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Simulation of the Electrostatic Spray Painting Process with High-Speed Rotary Bell Atomizers

: Domnick, J.; Scheibe, A.; Steigleder, T.; Weckerle, G.; Ye, Q.

Carnegie Mellon University:
ICLASS 2000. Eighth International Conference on Liquid Atomization & Spray Systems
Pasadena, Calif., 2000
International Conference on Liquid Atomization and Spray Systems (ICLASS) <8, 2000, Pasadena/Calif.>
Conference Paper
Fraunhofer IPA ()
rotary bell atomizer; Elektrostatik; Sprühen; lackieren

High-speed rotary bell atomizers are widely used in the painting industry for high quality applications, especially in the automotive industry. They provide a highly uniform film thickness with reasonable transfer efficiency due to the additional electrostatic field supporting the droplet transport towards the target. A basic requirement for this type of paint atomisers is a fine and reproducible atomisation of a large variety of different paints, ranging from solvent-based material to highly non-Newtonian water-borne systems. Furthermore, a broad range of paint flow rates must be covered.
The present contribution summarises investigations aiming to completely model the spray painting process by means of CFD. A powerful commercial code, in the present case Fluent5.2, has been extended to account for the electrostatic field and the space charge effect due to the charged paint droplets. As input conditions, the air flow from the shaping air orifices and measured droplet sizes and velocities close to the bell edge using phase-Doppler anemometry were taken. Also, LDA measurements in front of the target were taken yielding comparative data of the air flow field.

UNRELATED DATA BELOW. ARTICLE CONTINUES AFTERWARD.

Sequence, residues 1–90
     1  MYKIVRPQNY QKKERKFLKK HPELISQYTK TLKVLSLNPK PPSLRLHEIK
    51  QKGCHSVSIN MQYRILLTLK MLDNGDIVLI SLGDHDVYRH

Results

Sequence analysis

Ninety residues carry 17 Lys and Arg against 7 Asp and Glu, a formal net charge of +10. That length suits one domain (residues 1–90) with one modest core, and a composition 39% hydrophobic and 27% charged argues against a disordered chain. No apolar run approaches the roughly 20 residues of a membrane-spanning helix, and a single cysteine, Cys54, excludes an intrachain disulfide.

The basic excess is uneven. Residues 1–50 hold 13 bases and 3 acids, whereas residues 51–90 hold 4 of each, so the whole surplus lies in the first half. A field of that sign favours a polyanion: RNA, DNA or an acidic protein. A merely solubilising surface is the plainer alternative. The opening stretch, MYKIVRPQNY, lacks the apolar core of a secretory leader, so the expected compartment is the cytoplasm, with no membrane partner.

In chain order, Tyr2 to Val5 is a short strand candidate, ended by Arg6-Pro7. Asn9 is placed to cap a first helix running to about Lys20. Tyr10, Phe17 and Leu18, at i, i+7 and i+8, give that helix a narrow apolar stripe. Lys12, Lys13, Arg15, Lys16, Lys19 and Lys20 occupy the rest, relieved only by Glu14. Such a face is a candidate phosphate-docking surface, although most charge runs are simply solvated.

In general, numerical and experimental results are in good agreement. This is especially true for the final film thickness on the target and the transfer efficiency, i.e. the amount of paint solids that finally deposited on the target. The agreement was achieved using a droplet charge between 5 and 10% of the Rayleigh limit, which is confirmed by existing literature.
In long term, these results will serve as a part of a complete paint process simulation, including an estimate of the final colour and metallic effect. Additional models have already been developed, deriving paint film characteristics from the properties of the paint droplets depositing on the target.